In The Frame – February ’19
< Back to In The Frame

In The Frame February ’19

Streaming / Online / Tech

The big news this month is of BritBox, a new streaming service for UK audiences, established by the BBC and ITV. Both organisations are delighted with the success of BritBox in North America, which has more than half a million subscribers.

Demand for streaming services in the UK is growing: more than 12 million UK households subscribe to at least one SVOD service, and four million homes have more than one subscription. Forty-three per cent of all online homes are interested in subscribing to a new SVOD service that features British content so BBC and ITV aim to launch BritBox in the second half of 2019. Pricing is yet to be confirmed. Project Kangaroo, a VOD service from the BBC, ITV and Channel 4, was deemed by the Competition Commission in 2009 to be too much of a threat to competition in the UK video-on-demand market the project was blocked after two years of wrangling.

BT Sport has released an app that enables 4K HDR viewing of its content on a wide range of devices, including via Apple TV, Samsung TVs and the Xbox.

Manchester City, Arsenal and Liverpool, meanwhile, have installed a new camera set-up in their stadiums, enabling replays from any angle and from the perspective of any player on the pitch, and trials have taken place in Danish and Dutch football stadiums to show data-driven player graphics on LED perimeter boards.

BBC News

Darren Childs is to leave his position as CEO of UKTV, which is jointly owned by BBC Studios and Discovery, as the BBC prepares to take full control of Britain’s biggest multichannel broadcaster in a deal that was predicted to accelerate “plans to build a British streaming rival to Netflix”. During his eight-year tenure, Childs has driven a 66 per cent increase in revenues and nearly tripled profits, and this deal is believed to have helped create the opportunity for BritBox.

The BBC was pleased with the performance of BBC Scotland, the new £32m channel, on its opening night, boasting five out of the top ten most-watched programmes across all channels in Scotland. “We’re delighted that viewers have come to us in such significant numbers for our opening night’s schedule,” Steve Carson, Head of Multi-platform Commissioning BBC Scotland, said, adding. “We appreciate that ratings will settle down over time but we are encouraged by the very positive audience feedback that we’ve had for our first night.”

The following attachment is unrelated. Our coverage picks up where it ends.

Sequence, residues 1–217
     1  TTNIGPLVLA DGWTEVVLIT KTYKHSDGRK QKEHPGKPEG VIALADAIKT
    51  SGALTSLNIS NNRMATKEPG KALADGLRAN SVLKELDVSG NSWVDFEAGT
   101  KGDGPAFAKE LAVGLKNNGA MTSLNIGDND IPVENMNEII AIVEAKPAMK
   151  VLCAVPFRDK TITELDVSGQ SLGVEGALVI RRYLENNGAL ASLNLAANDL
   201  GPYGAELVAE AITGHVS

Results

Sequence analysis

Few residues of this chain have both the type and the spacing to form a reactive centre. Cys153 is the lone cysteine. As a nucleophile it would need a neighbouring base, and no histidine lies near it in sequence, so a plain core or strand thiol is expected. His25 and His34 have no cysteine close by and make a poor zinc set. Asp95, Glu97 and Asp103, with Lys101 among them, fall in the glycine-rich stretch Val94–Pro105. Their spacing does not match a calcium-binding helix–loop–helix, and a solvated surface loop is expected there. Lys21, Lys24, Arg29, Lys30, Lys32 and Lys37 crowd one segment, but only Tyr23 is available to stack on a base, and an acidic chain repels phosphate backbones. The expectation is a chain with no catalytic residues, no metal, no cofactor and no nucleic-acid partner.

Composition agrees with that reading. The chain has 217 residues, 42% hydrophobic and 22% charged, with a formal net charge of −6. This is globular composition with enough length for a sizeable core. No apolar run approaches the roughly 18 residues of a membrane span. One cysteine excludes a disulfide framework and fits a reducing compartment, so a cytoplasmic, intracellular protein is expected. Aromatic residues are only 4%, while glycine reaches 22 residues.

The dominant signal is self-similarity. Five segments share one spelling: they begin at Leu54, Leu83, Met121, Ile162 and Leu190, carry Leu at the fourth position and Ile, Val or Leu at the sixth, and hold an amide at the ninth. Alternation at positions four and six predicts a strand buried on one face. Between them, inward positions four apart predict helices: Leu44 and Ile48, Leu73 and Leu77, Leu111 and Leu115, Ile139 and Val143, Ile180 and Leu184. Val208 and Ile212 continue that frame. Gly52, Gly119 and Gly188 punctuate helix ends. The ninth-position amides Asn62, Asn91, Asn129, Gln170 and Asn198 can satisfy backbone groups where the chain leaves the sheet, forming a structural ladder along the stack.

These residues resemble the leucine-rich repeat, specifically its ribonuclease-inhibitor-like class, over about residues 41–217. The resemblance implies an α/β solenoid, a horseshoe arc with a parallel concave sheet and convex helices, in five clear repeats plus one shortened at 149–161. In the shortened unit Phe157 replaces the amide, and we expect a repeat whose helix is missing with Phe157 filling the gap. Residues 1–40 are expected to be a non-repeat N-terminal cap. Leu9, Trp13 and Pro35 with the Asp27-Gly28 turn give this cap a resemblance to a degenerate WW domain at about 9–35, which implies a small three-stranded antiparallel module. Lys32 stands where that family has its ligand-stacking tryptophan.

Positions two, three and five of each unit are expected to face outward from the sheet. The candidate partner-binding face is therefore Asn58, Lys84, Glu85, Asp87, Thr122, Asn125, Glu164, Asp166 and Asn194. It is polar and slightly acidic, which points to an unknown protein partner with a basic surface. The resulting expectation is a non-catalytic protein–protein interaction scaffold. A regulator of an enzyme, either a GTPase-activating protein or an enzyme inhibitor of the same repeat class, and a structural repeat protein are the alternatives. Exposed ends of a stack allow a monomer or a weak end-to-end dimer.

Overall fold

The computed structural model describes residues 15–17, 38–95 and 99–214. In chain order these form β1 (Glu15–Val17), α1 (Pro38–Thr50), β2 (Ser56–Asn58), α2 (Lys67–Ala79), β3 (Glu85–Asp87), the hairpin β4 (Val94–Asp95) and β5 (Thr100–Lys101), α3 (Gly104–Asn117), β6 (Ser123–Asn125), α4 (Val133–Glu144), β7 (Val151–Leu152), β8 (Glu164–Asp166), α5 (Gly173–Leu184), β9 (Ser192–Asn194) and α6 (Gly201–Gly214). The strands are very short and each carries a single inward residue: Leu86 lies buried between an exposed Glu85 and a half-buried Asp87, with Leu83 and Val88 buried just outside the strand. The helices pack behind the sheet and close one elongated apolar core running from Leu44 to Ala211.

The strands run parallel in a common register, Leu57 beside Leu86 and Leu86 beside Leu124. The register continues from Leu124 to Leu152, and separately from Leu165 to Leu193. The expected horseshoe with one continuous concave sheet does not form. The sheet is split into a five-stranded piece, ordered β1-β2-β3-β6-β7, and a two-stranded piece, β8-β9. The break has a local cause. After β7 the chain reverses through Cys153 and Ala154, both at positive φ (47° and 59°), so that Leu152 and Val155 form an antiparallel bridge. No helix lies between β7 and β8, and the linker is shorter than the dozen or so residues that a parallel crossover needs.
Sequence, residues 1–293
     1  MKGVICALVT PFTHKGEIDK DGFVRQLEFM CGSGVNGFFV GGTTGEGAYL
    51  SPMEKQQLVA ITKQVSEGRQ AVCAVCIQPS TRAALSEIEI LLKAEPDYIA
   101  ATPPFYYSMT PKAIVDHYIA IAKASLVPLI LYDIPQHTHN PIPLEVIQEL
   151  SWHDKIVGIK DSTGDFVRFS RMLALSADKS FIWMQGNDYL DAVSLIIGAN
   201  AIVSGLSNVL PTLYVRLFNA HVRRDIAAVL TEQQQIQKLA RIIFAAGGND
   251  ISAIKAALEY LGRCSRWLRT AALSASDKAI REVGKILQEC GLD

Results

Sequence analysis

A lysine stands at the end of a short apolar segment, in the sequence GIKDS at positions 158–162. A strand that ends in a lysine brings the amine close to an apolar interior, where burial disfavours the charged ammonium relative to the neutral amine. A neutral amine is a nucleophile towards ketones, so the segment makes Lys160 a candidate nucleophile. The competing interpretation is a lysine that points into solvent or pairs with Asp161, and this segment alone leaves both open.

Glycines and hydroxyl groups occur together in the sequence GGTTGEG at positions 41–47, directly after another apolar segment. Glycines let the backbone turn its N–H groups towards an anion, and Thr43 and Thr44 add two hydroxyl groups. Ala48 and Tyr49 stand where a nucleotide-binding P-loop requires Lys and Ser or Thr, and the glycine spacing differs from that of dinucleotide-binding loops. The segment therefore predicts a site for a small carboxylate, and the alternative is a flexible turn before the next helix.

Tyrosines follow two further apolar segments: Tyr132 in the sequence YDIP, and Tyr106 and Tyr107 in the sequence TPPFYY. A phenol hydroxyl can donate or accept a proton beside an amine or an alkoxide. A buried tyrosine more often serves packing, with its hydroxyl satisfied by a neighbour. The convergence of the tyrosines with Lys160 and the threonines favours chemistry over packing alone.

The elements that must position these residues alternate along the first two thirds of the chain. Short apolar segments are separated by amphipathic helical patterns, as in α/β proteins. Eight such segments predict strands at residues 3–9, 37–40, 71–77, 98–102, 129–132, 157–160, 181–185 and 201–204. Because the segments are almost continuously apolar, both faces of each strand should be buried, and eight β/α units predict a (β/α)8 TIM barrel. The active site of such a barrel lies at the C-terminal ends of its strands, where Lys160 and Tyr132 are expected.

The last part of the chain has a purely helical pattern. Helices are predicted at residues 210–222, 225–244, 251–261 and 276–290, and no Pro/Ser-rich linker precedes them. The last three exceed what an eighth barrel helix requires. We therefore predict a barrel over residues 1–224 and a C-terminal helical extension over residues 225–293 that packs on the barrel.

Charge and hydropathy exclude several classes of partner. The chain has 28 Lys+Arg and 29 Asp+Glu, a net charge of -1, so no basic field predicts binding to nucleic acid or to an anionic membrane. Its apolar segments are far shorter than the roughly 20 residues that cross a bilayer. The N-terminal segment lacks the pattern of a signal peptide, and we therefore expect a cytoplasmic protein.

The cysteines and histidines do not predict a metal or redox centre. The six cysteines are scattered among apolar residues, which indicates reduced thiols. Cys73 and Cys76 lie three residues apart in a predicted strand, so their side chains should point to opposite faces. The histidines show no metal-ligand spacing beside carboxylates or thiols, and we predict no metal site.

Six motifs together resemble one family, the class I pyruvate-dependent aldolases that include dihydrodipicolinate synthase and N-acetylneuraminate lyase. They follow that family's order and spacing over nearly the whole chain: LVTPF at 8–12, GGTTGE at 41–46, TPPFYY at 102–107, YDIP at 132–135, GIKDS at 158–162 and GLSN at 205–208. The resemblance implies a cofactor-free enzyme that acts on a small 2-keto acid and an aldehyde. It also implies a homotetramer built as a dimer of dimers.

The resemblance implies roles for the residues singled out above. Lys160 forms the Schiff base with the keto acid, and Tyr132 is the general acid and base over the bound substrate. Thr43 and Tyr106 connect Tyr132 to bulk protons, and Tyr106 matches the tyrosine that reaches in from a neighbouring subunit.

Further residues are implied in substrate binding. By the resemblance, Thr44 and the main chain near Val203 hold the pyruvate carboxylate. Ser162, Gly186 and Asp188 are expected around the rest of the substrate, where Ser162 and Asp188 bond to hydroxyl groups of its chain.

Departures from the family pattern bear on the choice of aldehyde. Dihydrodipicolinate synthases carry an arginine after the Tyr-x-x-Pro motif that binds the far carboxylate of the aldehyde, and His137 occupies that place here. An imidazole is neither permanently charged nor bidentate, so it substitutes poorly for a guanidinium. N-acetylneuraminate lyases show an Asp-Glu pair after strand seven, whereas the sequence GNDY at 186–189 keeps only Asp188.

BBC World Service English has launched a new app for low-cost news access. The ‘Call to listen’ function offers access to BBC World Service in areas where mobile data is expensive or unavailable.

The BAFTAs drew an average audience of 3.5 million viewers when it aired on BBC One. The number was down by half a million compared to 2018’s ceremony. One reason cited for the drop was the broadcast’s delay, meaning many viewers knew results before they were shown on TV.

And finally…

  • Bohemian Rhapsody is the UK’s fastest-selling digital download movie of all time, selling nearly 265,000 digital copies in its first eight days.
  • The creators of The Inbetweeners, Iain Morris and Damon Beesley, are teaming up again on Afternoons, a BBC2 comedy about the misadventures of three young footballers who play for a fictional Premier League side.
  • The BBC is bringing back the children’s TV show, Crackerjack – a staple of children’s TV from 1955-1984. It’ll be available on will be on CBBC and the iPlayer.
  • A £500m expansion of Shepperton Studios has been approved by the local council by a majority of one vote following numerous objections from residents.
  • ITV4 has brought La Liga to free-to-air TV, with weekly matches to be shown until the end of the season.
  • Bournemouth-based visual effects facility Outpost VFX has introduced an uncapped holiday allowance for its employees. Bectu says VFX professionals are leaving the industry because of bad employment practice, often as a result of VFX studios being financially squeezed by production companies.
  • Eurosport is making full-length adverts skippable on its free digital platform and the Eurosport app (but not Eurosport Player), giving visitors the opportunity to skip pre-roll ads on free content after six seconds.
  • Ofcom’s new code of practice, Fairness for Customers, comes into effect on 1 March, ensuring broadband customers will be told how fast their new service will be before they sign a contract.

From the latest news to the latest positions – click here to see Frame 25’s most recent additions to its list of available TV jobs